No matter the size of the role, or depth of the story, Landau reminded us of the authenticity of his craft. He repeatedly stripped off a character’s mask to connect with the inside. And then he rebuilt the character around how own strengths.
The result was pure magic, movie after movie.
Rest in peace, Martin Landau.
North by Northwest: Martin Landau at his best
by Mark Schumann
The Reel Dad
As we honor the work of Martin Landau, we revisit this classic thriller from director Alfred Hitchcock. Although the actor’s role may be small, we remember every move he makes and nuance he suggests.
The film, starring Cary Grant, celebrates the consequences of mistaken identity.
Playing chase can be fun but, as Grant’s Roger Thornhill learns, cat and mouse can get old if, in every turn, you are always “it”.
That’s what happens when he is mistakenly identified as a secret agent in this appetizing adventure from director Alfred Hitchcock. This cinema concoction finds every way to have fun even when the chase turns serious and the hero is less than amused.
And making today even more challenging for Thornhill are the sinister surprises originating in the complex mind of a man who only knows to serve the employer he idolizes. And, in the hands of Martin Landau, this character of Leonard becomes a fascinating study of the steep emotional commitment some employees choose to make to please an employer. Or to get that employer’s attention.
And all this makes life challenging for Thornhill, an advertising man on Madison Avenue whose idea of adventure is happy hour at his favorite watering hole. But the bad guys believe, incorrectly, that he is a secret agent they are supposed to knock off. So they start to chase Thornhill to a mansion on Long Island, the United Nations in New York City, aboard a train to Chicago and, finally, to the Black Hills of South Dakota. In the movies, showing up in the wrong place at the wrong time is never a good thing, especially in a film directed by the grand master of thrills. And Thornhill simply can’t escape an adventure he never asked for.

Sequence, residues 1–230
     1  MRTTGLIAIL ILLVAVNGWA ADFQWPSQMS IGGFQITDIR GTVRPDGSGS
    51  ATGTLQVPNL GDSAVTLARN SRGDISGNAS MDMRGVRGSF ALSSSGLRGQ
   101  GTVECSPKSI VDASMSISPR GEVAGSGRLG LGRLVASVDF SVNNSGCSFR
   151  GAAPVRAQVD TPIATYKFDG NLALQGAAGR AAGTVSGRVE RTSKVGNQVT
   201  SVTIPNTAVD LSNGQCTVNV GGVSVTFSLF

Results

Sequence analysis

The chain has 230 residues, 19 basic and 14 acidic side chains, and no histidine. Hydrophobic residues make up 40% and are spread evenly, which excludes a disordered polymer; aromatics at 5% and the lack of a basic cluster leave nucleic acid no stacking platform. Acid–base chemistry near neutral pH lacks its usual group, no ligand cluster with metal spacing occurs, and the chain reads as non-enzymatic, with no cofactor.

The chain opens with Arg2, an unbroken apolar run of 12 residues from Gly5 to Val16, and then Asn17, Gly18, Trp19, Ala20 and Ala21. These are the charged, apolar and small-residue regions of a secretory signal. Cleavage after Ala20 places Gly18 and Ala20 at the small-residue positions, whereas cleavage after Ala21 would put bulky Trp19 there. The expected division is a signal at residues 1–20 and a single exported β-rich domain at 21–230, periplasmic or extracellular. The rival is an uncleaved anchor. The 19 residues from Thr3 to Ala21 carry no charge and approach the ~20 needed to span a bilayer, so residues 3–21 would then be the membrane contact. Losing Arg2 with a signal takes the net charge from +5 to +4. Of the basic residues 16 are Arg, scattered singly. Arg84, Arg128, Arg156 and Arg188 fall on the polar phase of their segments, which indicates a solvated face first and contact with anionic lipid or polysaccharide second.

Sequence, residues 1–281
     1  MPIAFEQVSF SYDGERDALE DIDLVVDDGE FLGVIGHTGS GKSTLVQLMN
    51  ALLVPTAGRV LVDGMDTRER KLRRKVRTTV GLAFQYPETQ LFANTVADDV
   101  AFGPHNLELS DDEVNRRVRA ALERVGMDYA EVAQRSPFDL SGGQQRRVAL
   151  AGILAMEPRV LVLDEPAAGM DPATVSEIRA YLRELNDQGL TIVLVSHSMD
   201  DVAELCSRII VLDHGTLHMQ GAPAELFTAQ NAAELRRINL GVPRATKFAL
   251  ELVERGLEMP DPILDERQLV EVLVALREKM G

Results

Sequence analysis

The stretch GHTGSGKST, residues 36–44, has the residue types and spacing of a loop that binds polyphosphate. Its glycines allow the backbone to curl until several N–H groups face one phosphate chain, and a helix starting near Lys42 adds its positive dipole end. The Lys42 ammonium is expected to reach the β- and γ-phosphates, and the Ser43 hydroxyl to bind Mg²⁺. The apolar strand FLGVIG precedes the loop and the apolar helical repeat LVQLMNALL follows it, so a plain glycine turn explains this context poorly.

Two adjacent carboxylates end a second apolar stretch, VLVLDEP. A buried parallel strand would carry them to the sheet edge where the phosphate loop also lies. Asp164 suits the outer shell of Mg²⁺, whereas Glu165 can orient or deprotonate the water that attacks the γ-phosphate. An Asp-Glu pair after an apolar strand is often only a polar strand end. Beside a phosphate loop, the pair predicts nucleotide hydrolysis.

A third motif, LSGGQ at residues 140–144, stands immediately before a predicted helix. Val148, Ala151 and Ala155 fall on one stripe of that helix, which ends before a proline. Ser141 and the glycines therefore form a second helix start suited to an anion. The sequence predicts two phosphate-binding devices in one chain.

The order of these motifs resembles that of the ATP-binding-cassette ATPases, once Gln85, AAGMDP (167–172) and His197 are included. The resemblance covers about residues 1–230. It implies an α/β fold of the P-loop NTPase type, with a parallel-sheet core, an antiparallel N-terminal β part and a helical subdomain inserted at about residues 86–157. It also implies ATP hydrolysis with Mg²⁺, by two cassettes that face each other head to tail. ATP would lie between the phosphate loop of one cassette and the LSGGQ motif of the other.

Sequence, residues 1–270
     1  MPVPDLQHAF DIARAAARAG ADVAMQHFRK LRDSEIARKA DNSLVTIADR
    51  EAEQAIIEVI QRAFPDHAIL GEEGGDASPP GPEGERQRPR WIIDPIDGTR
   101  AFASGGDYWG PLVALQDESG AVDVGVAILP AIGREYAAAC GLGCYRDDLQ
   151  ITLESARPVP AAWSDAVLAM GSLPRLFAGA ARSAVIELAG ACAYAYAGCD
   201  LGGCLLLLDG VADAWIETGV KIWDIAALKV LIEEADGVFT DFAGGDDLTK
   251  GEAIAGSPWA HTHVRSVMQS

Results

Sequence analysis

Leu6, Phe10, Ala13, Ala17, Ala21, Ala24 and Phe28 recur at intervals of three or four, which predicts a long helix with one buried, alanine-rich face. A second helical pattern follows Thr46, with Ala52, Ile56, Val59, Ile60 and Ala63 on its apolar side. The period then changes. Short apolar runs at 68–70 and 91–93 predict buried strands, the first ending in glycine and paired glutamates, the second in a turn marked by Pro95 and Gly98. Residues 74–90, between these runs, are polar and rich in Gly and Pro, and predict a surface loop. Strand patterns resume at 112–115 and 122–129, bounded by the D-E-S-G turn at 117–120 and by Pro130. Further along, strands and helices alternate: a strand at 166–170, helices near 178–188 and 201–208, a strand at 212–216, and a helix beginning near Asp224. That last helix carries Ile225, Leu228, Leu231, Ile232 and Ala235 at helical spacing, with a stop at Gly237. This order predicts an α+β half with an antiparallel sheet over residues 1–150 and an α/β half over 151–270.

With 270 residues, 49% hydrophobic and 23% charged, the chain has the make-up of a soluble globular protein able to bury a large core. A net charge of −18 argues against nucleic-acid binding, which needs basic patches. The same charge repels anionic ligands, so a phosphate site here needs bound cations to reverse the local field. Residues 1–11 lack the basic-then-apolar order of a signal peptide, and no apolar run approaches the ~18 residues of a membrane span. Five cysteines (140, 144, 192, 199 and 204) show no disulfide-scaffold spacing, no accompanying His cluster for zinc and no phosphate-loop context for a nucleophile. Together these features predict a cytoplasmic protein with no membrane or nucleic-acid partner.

North by Northwest serves its delicious delights in a fantasy world that only this master chef could create. No one but Hitchcock would dare to place his hero in an art gallery where those in pursuit have no intention of letting him go free, or landing him, in the finale, on the face of Mount Rushmore in recently polished dress shoes. In every scene, Hitchcock creates the least likely setting for this unlikely target to try to escape. And all the ways Thornhill outsmarts the bad guys gives us something to talk about.
This is what makes Hitchcock the master of movie manipulation. We know, in the audience, just how Thornhill could resolve each situation he faces and we see, before anyone in the film, when something is about to happen. But Hitchcock is too savvy to let us get our way. The moviemaker loves to push us to the edge by playing with what he knows we know as he puts the characters through one challenging moment after another.
The crop dusting sequence is the piece de resistance of this movie meal. Only Hitchcock would put his hero in the middle of a field in the middle of nowhere. Slowly we begin to notice, in the distance, the sounds of crop dusting aircraft. As the engine noises grow louder, we realize, before Thornhill, that he will soon be the target of devious flying. If only we could tell him to get out of the field as Hitchcock forces his hero to reach beyond his complacency to get himself out of this maze.
Few of us can imagine hiding in a train, escaping from a hospital or sneaking into a criminal’s house. By departing from Thornhill’s reality with such relish, Hitchcock refuses to let him or us return to a mundane world.
And, thanks to the work of Martin Landau, even the supporting players shine in this chess game on screen.